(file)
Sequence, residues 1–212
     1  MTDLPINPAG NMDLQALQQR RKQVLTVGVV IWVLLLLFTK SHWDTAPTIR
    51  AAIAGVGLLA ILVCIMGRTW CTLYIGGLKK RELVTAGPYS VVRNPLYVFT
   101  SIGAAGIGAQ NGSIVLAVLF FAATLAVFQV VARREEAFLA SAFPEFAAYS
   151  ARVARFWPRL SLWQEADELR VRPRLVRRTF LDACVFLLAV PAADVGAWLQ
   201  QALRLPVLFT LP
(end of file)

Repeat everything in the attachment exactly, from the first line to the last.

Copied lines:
Sequence, residues 1–212
     1  MTDLPINPAG NMDLQALQQR RKQVLTVGVV IWVLLLLFTK SHWDTAPTIR
    51  AAIAGVGLLA ILVCIMGRTW CTLYIGGLKK RELVTAGPYS VVRNPLYVFT
   101  SIGAAGIGAQ NGSIVLAVLF FAATLAVFQV VARREEAFLA SAFPEFAAYS
   151  ARVARFWPRL SLWQEADELR VRPRLVRRTF LDACVFLLAV PAADVGAWLQ
   201  QALRLPVLFT LP